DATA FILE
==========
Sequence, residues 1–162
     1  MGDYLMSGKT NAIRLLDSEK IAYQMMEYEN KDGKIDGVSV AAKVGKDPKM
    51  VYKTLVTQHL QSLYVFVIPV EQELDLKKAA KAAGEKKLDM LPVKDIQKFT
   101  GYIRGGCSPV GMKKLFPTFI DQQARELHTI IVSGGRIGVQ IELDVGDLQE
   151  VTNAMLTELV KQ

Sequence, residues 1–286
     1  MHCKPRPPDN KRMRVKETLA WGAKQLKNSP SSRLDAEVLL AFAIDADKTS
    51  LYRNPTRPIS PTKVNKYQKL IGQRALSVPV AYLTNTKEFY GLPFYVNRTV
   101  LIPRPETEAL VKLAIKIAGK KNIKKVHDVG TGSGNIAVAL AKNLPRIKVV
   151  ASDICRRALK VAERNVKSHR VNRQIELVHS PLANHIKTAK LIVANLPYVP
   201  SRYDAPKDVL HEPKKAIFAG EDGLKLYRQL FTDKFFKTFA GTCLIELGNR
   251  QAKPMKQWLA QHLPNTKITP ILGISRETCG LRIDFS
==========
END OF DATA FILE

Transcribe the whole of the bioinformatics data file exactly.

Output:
Sequence, residues 1–162
     1  MGDYLMSGKT NAIRLLDSEK IAYQMMEYEN KDGKIDGVSV AAKVGKDPKM
    51  VYKTLVTQHL QSLYVFVIPV EQELDLKKAA KAAGEKKLDM LPVKDIQKFT
   101  GYIRGGCSPV GMKKLFPTFI DQQARELHTI IVSGGRIGVQ IELDVGDLQE
   151  VTNAMLTELV KQ

Sequence, residues 1–286
     1  MHCKPRPPDN KRMRVKETLA WGAKQLKNSP SSRLDAEVLL AFAIDADKTS
    51  LYRNPTRPIS PTKVNKYQKL IGQRALSVPV AYLTNTKEFY GLPFYVNRTV
   101  LIPRPETEAL VKLAIKIAGK KNIKKVHDVG TGSGNIAVAL AKNLPRIKVV
   151  ASDICRRALK VAERNVKSHR VNRQIELVHS PLANHIKTAK LIVANLPYVP
   201  SRYDAPKDVL HEPKKAIFAG EDGLKLYRQL FTDKFFKTFA GTCLIELGNR
   251  QAKPMKQWLA QHLPNTKITP ILGISRETCG LRIDFS